Saturday, August 8, 2015

How to "run" Nick Peak

Calvin and I set off for my final long run before Fat Dog.  Nick Peak would be the culmination of Calvin's summer mountain running training.  It involves about 9 miles of actual trail, 4 miles of steep and loose bushwhack and a few miles of clean and beautiful ridge traversing with scrambling.  As you can see in the description below, it Involves subtle route finding.   This classic McCall peak guards it's secrets carefully and turns away many first time suitors due to its length, rough terrain and deceptive difficulty to find "the way."

The day starts with just over 4 miles in the East Fork of Lake Fork Creek canyon.  Since it was Calvin's tempo day, we warmed up a mile and did the next 3 miles at around 7 minute pace on the undulating terrain and gradual ascent.

At the 4 mile mark, at an old sign post (with no sign), turn right and go cross country through a meadow towards the creek, which you reach in 100 yards or so.  At the creek, angle right slightly and ford the knee deep water aiming for cairns on the opposite shore.  Enter the woods and for the first couple hundred yards, the trail is tricky to follow.  As the trail begins to climb into old growth forest, it becomes wider and obvious to follow, but it tends to have some downed timber on it.

You are now on the Idler Creek Trail.  You will follow this uphill about 1 mile until it comes right up to the creek.  You may cross here, but there is a better crossing just upstream about 30 yards.  Angle upstream as you cross and find the trail on the opposite shore.  Follow this trail briefly, until you reach a granite rock slab on your left.  Ascend that slabby and bushy face.  As you climb, go left each time you hit an alder patch.  These alder trees are impassable, bright green leaved bush/trees that grow facing downhill in tight bunches.

At around 7500 feet, you will pass the last of the alder thickets and can begin moving right slightly and heading toward the old remnants of the trail.  It is not critical to hit the trail, but it may help some and will lead you to the right notch above.  At 7800' you can catch the trail.  It angles slightly left and climbs to 8250+' at Fitsum Summit (remember in Idaho the word "summit" means saddle or pass- not the top of a mountain).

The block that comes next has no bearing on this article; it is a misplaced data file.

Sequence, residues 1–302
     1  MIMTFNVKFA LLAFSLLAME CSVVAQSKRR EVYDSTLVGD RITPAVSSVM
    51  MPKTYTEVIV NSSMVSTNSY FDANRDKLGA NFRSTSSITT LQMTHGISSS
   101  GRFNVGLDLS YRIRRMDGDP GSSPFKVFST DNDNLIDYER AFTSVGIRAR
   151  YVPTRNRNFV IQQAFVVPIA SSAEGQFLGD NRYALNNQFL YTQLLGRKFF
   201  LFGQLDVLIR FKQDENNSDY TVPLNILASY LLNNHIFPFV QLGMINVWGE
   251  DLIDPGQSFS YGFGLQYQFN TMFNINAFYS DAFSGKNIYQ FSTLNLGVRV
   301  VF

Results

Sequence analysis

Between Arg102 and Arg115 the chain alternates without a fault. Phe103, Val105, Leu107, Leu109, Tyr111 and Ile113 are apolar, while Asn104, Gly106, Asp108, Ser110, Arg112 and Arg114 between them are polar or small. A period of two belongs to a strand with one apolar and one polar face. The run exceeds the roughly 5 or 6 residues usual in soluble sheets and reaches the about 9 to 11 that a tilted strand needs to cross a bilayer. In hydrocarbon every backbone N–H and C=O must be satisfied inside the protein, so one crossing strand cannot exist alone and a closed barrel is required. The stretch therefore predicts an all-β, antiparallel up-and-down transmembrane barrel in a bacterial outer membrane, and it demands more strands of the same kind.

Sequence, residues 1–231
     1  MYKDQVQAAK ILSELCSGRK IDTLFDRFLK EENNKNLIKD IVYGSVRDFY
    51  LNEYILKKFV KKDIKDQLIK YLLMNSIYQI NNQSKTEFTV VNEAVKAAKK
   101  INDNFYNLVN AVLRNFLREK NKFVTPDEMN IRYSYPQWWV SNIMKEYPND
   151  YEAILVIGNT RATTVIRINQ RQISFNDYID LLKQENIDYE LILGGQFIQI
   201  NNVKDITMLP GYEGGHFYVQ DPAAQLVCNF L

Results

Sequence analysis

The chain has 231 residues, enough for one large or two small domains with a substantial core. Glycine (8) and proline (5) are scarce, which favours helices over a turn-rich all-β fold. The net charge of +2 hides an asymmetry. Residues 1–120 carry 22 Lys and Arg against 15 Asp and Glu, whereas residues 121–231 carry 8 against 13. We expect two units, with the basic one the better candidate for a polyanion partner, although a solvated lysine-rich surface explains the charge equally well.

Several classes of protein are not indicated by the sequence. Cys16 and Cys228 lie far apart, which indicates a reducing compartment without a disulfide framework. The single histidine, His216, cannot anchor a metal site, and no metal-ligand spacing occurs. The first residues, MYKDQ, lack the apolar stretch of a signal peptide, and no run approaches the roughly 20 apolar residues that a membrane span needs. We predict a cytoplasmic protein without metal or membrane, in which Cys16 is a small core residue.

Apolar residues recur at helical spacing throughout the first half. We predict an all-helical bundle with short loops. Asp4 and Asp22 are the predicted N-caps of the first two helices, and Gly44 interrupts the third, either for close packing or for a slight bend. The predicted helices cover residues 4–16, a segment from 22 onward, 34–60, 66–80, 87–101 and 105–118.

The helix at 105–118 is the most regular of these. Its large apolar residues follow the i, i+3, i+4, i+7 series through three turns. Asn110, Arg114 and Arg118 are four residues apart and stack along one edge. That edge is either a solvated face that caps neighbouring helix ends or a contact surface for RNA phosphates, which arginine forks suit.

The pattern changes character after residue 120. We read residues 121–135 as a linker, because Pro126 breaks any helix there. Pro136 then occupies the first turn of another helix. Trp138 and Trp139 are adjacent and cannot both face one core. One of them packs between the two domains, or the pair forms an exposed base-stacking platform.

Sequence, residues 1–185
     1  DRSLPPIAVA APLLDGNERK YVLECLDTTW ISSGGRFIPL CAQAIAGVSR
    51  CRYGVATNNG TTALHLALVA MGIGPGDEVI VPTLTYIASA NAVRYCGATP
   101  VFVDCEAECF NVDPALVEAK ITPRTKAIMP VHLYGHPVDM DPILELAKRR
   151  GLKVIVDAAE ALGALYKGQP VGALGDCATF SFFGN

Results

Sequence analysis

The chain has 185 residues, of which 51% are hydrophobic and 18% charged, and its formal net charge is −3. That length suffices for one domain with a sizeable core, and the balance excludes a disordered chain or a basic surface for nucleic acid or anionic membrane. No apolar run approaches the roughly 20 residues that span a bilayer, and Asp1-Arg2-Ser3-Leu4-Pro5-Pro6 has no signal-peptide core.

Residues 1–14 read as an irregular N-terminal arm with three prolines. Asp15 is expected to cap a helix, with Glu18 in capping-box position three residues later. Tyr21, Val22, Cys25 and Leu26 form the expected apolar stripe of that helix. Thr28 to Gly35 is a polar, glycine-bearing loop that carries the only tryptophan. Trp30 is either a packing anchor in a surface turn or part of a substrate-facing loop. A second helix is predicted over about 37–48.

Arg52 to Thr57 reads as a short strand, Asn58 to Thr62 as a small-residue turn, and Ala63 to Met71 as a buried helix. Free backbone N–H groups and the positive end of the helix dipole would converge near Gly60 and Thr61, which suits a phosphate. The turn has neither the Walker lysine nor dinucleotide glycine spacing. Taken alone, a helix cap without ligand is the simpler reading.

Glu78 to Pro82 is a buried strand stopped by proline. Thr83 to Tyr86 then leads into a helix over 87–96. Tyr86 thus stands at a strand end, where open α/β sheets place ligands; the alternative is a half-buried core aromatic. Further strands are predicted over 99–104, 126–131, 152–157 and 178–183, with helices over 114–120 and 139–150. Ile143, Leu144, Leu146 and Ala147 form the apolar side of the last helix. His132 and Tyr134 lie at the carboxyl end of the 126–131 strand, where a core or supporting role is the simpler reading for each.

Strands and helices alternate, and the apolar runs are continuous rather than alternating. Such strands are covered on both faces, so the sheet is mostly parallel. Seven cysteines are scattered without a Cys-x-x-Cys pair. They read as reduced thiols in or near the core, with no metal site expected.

Turn right and ascend the steep ridgeline.  At 8600+', at a false peak, encounter an instrument box of some kind with solar panels on it.  It is about 10 feet high.  Descend slightly and cross some talus, staying on the ridge top.  Climb again through pearly white boulders and grass.

Crazy classic north ridge of Nick Peak.

At about 8900', cross the "Sidewalk" and then head off the ridge to the right, to avoid a false peak with steep rock.  When you view the peak from McCall, this false peak is the left side of the "nick" or gunsight that makes up Nick Peak.  The real peak is the right part of the "nick." Go down off the ridge to the right and drop 100 feet or so and keep heading south towards the true peak.  Scramble up the talus towards the final pitch.  It is guarded by 100 feet of steeper rock that is mostly avoided by walking around on loose rocky ledges.

The "Sidewalk"
However, there are 3 short moves of consequence, that I call the "3 Boulder Problems."  They are very low 5th class climbing, are only about 10 feet high and have ledges below them, so a fall would not likely result in tragedy.  The greater danger is rolling loose rocks down on your partner.  To avoid this, we send one climber up each little boulder problem at a time.  This also allows the lower climber to spot the climber above.
The ledges leading to the first boulder problem.

Top.  2 hrs 11 mins with plenty of goofing around.

We continued north into the Nick Lake basin and swam in that little tarn in the center of the photo.

Nick Lake.


  1. Looks like great terrain; best of luck for Fat Dog!

  2. Thanks Luke. Hard to taper when we can already feel summer slipping away and gems like Nick Peak 10 more months away from another visit. Onward to Canada!

  3. Jer - NMP told me (while baby sitting me) that you had a tough go in the last outing. Hope all is well man. Keep the spirit.